PC’s used to have RS-232 ports to connect things like mice, modems, printers, etc. Then technology moved on to USB. RS-232 had a maximum distance of 50′, and USB is 9′ (USB 3.0) to 16′ (USB 2.0). If you really need to send data a long distance, RS-422 might be the trick. It uses two pair of wires, and CAT 5 is just fine. You communicate up to 4900′. Arduino’s and other microcontrollers use TTL logic (3v to 5v for a HIGH, 0v for a low), and need a converter to work with other signals. We are using a inexpensive TTL to RS-422 converter called a YL-128. This module uses a Maxim 490 chip.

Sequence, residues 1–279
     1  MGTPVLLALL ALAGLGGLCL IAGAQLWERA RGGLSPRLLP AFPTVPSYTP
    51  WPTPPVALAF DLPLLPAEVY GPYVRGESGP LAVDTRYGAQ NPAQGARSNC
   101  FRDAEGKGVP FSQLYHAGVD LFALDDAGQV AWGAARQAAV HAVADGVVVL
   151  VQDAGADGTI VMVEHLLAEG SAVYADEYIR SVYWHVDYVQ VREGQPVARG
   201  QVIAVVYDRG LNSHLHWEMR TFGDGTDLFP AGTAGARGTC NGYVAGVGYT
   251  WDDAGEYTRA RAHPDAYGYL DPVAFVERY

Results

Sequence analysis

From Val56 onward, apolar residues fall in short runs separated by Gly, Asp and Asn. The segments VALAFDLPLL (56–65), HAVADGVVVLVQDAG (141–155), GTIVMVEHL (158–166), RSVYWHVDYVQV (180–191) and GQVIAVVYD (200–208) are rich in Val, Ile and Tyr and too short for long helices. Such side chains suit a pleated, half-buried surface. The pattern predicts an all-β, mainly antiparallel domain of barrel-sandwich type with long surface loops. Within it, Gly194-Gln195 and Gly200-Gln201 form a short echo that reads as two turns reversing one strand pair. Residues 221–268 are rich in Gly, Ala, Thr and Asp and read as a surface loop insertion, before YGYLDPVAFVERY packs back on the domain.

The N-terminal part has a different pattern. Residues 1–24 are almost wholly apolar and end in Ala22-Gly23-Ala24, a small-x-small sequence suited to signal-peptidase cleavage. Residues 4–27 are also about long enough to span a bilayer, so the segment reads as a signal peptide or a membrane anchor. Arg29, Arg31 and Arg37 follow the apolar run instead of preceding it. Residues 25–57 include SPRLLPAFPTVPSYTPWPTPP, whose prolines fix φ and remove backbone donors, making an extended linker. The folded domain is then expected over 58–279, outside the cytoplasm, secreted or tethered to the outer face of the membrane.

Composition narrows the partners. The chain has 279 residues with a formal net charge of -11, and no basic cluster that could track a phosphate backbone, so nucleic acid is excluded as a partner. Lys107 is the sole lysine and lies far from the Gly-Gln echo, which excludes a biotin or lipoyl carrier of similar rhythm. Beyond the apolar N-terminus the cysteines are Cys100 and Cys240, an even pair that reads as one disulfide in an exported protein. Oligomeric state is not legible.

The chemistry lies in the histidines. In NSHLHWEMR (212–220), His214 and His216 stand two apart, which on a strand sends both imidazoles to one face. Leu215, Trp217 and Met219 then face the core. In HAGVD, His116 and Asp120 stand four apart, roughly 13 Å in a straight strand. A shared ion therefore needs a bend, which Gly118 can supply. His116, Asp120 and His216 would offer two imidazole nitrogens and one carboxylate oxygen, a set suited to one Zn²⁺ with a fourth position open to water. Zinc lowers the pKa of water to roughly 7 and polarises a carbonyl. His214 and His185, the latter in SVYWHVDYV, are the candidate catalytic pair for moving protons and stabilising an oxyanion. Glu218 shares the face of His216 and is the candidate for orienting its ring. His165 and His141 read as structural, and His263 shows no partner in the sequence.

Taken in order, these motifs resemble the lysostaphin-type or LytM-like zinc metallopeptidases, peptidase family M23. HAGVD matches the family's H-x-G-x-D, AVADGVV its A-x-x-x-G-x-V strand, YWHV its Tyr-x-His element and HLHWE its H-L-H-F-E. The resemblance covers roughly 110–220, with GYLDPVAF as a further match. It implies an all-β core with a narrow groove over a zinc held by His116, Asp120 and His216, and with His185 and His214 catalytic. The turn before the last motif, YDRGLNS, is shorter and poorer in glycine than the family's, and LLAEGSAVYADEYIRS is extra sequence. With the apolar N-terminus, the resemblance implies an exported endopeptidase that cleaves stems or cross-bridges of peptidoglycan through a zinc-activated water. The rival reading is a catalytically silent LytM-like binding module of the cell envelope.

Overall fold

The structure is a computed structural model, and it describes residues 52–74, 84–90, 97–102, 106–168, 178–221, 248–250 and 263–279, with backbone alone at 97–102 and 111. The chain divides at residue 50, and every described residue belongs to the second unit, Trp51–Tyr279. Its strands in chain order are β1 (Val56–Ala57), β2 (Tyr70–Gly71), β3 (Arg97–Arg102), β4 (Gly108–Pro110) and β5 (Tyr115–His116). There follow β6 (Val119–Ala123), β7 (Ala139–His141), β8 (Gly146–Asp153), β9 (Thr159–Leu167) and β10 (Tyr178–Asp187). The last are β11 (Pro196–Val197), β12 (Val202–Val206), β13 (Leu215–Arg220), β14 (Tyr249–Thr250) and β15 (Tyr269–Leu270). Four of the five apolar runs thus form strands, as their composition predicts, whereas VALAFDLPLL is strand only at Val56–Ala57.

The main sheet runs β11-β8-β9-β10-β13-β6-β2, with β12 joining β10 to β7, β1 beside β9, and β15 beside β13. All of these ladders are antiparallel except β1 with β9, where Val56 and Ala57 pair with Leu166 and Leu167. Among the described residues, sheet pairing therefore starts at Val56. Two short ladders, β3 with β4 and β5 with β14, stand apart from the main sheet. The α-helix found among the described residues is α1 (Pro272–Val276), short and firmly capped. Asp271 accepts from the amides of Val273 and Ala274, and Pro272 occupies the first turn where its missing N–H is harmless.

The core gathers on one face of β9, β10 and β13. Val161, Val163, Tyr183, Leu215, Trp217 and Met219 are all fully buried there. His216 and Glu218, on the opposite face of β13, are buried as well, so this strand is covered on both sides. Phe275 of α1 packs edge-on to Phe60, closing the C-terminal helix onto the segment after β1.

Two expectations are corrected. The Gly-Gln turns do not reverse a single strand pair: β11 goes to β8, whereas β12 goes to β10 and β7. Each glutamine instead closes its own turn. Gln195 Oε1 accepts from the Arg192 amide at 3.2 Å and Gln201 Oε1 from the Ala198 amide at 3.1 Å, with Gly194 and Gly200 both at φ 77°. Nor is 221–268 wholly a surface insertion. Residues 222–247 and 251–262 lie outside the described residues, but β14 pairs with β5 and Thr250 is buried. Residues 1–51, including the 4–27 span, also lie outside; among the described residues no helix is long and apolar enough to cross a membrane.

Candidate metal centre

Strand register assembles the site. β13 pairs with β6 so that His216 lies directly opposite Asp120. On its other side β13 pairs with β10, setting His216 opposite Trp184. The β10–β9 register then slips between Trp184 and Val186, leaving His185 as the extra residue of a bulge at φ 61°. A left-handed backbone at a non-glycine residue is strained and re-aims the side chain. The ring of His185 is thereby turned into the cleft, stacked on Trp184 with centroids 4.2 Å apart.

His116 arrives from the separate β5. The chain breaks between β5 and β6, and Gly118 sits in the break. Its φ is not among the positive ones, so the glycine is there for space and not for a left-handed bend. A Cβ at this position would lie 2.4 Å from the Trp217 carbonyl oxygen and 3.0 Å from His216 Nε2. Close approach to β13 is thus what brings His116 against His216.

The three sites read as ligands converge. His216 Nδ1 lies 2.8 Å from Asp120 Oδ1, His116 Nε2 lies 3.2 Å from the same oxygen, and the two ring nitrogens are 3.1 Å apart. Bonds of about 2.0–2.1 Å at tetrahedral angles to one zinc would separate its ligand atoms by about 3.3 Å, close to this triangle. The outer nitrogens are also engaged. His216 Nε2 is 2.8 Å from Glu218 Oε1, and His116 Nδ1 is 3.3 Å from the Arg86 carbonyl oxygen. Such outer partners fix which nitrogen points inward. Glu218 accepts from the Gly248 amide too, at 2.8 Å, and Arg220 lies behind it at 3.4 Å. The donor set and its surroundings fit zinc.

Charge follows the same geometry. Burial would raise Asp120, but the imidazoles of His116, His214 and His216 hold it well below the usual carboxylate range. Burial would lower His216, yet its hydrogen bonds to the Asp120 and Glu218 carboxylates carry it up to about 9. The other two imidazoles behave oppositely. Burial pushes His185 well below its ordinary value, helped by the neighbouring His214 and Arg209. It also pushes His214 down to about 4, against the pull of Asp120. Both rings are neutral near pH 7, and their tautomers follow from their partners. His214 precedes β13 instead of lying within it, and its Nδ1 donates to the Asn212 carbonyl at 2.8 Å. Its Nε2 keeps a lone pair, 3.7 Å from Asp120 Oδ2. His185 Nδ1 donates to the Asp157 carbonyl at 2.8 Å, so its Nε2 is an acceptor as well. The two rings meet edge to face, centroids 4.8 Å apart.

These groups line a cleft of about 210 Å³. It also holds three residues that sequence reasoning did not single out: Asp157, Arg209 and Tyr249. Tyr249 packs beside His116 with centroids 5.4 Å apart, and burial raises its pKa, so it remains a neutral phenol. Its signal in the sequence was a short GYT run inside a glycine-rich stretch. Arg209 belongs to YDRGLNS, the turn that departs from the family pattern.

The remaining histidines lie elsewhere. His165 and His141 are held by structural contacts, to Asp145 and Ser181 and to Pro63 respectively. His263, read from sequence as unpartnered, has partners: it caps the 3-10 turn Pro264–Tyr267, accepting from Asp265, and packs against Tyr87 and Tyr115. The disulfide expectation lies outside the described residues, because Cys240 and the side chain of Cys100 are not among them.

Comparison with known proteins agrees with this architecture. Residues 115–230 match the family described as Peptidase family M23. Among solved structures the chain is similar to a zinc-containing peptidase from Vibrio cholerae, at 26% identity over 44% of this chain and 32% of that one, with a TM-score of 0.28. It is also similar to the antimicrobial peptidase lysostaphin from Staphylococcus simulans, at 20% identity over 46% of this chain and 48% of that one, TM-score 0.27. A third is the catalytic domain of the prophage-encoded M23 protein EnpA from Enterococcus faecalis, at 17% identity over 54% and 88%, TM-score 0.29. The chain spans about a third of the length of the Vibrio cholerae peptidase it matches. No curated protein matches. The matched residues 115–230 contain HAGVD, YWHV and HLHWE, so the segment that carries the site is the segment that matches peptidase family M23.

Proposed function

By connecting a Arduino to a YL-128 on each end of the wire, you can communicate as if the two Arduino’s were side by side and connected directly.
Connect one Arduino RX1 to the YL-128 RXD pin (RO), and the Arduino TX1 to the YL-128 TXD pin (DI). Connect a second Arduino and YL-128 on the other end of the cable in the same manner.
Connect the two YL-128 modules Y-A, Z-B, A-Y. and B-Z.
You can then load a serial test sketch like the one at https://www.hackster.io/harshmangukiya/serial-communication-between-two-arduino-boards-d423e9